You’ve Got Male
By Michael Reid Busk
Too many published stories are featherweight and twee, or paralyzed by their characters’ ennui, or stylistically enslaved to minimalism, and Tower’s tales are a healthy counterbalance: grave, masculine, gleefully descriptive, and funny in a way that evokes the domestic friction of Everybody Loves Raymond as much as the absurd fiction of George Saunders. In these stories, viscous with testosterone, sex is pride as well as lust, and Tower portrays it with both heat and humor, at one point describing a trophy wife as having “the kind of hungry, large-eyed prettiness around which Japanese cartoonists have established whole religions of lechery.”
All the Seven Deadly Sins are on Technicolor display here, but it is wrath which takes the starring role, a gut-deep fury that boils out of the characters to poison whatever they touch. Wrath is a dark theme, but the tenderness Tower finds embedded within it recalls Annie Dillard’s essay “Total Eclipse”: “In the deeps are the violence and terror of which psychology has warned us. But if you ride these monsters deeper down . . . you find what our sciences cannot locate or name, the substrate . . . our complex and inexplicable caring for each other, for our life together here. This is given. It is not learned.” It is just this subterranean marbling of love into hate that relieves the darkness of the collection. As the narrator of “Retreat”—the gashed brother—drunkenly confesses: “But six deep ones, and our knotty history unkinks itself into a sad and simple thing. I go wet at the eyes for my brother and swell with regret at the thirty-nine years we’ve spent lost to each other.”
However, in sequence, these protagonists—desperate, failed men—begin to feel like variations on a theme. Moreover, although Tower writes with the admirable immediacy of a journalist, many take the form of cookie-cutter human interest pieces, beginning in media res, later adding the pertinent bits of biographical detail, then following the protagonist along a roundabout path to an ambiguous ending; slice-of-life stories meant to gesture toward a larger change or movement the story itself does not portray.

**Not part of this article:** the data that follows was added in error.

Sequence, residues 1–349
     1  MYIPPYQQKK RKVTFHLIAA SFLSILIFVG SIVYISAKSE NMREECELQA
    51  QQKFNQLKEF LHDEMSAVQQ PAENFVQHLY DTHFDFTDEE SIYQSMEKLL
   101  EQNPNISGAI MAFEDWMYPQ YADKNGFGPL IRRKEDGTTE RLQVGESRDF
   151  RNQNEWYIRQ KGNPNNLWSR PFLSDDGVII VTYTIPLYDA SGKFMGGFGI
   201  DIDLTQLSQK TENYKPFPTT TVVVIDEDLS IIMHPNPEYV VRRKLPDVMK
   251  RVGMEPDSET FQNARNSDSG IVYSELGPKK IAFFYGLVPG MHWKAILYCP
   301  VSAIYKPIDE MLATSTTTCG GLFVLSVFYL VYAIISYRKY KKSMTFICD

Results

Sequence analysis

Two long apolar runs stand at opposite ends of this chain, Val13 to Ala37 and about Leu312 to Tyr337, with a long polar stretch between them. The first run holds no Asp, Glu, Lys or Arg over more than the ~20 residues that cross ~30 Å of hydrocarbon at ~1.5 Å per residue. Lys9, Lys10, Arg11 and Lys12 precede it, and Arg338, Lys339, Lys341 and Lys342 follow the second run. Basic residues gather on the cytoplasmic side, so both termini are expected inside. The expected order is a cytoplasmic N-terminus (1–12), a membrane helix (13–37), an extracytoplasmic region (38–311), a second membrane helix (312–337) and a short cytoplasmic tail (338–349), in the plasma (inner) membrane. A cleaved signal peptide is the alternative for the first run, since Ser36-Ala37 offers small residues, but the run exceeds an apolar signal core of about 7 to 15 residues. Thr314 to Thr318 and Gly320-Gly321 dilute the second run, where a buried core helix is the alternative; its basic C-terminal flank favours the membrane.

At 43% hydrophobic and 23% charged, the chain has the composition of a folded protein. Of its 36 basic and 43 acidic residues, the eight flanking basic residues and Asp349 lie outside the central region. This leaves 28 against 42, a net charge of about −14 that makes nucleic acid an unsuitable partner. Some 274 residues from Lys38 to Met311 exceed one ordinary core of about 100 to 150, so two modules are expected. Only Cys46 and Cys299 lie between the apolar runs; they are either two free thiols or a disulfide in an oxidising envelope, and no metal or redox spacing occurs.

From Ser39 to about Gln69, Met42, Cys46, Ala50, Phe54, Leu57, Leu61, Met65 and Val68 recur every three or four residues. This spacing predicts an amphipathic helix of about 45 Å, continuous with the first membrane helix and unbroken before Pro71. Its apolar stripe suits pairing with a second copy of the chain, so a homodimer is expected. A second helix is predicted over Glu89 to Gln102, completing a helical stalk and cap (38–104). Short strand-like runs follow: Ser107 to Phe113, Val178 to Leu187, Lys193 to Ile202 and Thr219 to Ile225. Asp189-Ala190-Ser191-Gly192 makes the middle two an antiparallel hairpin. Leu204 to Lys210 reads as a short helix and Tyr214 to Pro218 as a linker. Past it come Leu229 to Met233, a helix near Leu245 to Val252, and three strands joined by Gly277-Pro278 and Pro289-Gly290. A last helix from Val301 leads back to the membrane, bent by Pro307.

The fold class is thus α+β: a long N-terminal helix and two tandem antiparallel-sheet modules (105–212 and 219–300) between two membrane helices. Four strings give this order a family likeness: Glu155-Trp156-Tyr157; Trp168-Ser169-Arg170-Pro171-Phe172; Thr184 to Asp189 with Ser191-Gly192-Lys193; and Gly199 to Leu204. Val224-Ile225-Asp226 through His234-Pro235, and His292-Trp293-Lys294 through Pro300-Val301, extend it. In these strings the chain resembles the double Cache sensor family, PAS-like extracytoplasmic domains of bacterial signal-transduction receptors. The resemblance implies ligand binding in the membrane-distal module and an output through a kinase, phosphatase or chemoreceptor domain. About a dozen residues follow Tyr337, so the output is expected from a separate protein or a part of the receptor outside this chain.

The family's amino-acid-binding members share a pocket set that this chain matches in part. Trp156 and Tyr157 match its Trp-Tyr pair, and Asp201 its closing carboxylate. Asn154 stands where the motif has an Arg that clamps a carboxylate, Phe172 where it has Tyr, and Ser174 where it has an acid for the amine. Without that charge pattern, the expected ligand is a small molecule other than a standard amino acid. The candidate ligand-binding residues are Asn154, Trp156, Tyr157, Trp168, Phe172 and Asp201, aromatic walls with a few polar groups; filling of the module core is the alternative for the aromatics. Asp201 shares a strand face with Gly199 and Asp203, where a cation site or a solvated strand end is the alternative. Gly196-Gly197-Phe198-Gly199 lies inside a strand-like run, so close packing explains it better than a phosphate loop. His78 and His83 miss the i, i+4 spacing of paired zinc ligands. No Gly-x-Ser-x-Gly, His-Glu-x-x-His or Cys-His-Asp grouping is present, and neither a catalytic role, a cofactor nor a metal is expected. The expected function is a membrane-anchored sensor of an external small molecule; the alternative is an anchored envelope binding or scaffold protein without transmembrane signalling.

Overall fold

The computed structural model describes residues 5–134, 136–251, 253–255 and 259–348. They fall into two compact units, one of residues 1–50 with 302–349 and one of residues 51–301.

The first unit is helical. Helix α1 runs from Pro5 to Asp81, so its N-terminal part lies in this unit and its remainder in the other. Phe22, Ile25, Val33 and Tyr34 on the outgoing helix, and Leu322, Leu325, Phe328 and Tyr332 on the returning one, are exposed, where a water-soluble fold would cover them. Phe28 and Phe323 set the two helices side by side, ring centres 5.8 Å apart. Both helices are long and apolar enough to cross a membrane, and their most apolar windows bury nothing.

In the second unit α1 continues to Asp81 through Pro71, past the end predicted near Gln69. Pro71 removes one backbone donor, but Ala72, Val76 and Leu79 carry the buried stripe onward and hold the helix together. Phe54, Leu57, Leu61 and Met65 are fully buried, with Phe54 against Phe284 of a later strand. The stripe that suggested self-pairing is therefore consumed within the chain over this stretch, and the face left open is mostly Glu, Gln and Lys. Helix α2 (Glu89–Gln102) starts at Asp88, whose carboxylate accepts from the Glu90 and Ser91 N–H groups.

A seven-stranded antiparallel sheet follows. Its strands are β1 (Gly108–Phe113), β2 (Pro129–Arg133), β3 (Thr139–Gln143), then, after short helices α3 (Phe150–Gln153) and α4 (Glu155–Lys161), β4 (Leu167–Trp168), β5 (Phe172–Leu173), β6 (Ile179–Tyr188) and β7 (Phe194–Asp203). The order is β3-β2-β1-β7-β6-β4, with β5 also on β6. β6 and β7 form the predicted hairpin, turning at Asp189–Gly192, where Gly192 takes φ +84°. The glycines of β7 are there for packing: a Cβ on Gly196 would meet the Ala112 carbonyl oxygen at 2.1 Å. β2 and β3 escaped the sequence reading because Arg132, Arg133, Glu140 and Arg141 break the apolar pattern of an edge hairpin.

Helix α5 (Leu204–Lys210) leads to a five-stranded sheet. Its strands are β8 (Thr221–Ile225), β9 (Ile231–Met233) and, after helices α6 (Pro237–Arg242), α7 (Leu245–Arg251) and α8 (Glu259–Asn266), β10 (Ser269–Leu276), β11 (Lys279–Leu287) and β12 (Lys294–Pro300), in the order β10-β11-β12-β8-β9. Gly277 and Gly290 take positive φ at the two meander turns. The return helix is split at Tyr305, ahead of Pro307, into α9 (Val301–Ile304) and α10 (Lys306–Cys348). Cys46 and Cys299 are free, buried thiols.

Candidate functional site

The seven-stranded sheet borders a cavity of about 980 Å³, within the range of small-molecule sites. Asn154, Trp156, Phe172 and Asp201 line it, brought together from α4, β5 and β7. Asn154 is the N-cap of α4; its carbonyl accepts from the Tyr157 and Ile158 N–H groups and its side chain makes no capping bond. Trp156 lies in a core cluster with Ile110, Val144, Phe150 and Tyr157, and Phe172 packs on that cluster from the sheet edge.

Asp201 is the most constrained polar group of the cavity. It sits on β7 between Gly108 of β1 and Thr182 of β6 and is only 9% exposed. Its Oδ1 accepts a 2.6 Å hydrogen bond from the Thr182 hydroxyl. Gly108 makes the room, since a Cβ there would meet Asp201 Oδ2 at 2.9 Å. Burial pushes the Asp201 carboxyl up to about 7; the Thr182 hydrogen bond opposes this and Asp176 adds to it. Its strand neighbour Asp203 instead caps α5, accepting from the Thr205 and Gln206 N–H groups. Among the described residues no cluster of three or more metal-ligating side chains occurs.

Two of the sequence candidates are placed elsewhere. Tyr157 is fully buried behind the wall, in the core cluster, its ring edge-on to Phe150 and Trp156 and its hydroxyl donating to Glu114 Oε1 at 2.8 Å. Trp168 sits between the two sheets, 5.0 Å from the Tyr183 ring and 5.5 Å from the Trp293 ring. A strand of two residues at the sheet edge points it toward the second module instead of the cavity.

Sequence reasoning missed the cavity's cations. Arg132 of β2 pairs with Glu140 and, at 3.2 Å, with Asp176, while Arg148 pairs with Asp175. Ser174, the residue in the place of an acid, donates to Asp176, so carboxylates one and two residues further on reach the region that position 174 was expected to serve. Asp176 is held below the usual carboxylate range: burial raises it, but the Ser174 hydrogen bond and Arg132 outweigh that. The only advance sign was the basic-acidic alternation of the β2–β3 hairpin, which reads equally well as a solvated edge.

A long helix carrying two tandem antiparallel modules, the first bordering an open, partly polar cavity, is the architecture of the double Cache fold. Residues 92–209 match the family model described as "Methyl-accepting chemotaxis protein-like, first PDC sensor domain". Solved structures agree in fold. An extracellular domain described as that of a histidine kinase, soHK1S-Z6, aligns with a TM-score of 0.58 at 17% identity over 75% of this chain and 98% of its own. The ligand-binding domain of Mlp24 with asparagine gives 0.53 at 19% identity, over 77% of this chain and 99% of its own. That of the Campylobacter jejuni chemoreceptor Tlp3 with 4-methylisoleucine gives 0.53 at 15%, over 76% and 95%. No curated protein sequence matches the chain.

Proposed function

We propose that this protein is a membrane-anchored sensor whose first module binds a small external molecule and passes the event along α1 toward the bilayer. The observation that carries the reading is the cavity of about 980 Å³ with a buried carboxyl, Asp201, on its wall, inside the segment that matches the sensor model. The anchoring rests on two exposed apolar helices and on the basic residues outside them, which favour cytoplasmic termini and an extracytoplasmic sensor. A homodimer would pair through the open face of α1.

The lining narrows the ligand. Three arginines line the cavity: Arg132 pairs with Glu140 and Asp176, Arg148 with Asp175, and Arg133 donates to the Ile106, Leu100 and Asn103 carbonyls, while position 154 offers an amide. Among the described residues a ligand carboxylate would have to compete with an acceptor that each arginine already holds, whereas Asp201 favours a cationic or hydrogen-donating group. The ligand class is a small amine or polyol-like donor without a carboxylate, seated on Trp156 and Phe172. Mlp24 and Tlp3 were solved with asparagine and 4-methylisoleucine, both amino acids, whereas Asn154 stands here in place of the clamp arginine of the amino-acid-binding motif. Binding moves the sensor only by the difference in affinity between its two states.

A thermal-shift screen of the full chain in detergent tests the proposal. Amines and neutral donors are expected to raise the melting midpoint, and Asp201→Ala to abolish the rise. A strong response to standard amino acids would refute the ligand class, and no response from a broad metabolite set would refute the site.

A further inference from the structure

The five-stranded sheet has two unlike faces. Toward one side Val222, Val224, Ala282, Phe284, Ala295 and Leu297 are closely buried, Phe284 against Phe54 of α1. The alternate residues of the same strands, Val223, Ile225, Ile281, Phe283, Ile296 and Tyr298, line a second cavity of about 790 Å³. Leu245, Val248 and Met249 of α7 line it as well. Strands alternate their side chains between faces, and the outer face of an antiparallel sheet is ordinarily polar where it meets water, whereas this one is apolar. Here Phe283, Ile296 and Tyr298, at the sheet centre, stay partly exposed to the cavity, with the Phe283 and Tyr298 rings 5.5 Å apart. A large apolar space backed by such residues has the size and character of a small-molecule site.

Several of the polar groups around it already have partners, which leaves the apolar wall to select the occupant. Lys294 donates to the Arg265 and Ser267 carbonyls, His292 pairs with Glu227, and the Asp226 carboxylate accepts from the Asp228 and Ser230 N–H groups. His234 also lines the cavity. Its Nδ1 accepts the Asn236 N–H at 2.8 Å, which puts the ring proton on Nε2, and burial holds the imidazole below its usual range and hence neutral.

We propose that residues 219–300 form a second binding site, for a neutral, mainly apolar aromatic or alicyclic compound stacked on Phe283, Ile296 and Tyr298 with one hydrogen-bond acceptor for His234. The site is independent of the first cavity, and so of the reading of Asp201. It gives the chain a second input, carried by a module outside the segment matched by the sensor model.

But the collection ends with a revelation, the title story, a home run that shows just how brilliant, hysterical and harrowing Tower can be. “Everything Ravaged, Everything Burned” is a tale of a Viking raid told from one warrior’s point of view, but in an anachronistic slacker voice that’s more Jeff Spicoli than Leif Erickson. In 11th Century Norway, crop blights and dragon attacks make a war-crazy village leader suspect dark magic, so he leads the narrator, his best friend and a band of bloodthirsty local teenagers to Northumbria to kill the suspected monk/spellcaster and make off with sundry booty. The story is brutal, and brutally funny, and ends with an extraordinary coda that encapsulates the fears and longings of all the book’s characters: “After Pila and me had our little twins, and we put a family together, I got an understanding of how terrible love can be. You wish you hated those people, your wife and children, because you know the things the world will do to them, because you have done some of those things yourself. It’s crazy-making, yet you cling to them with everything and close your eyes against the rest of it. But still you wake up late at night and lie there listening for the creak and splash of oars, the clank of steel, the sounds of men rowing toward your home.”
This debut collection is sizeable down payment. Let us hope Wells Tower will continue to ride the monsters deeper down into the human heart, that place of unspeakable feeling beneath even love and hate.
Everything Ravaged, Everything Burned by Wells Tower; Farrar, Straus and Giroux, hardcover. 256 pages.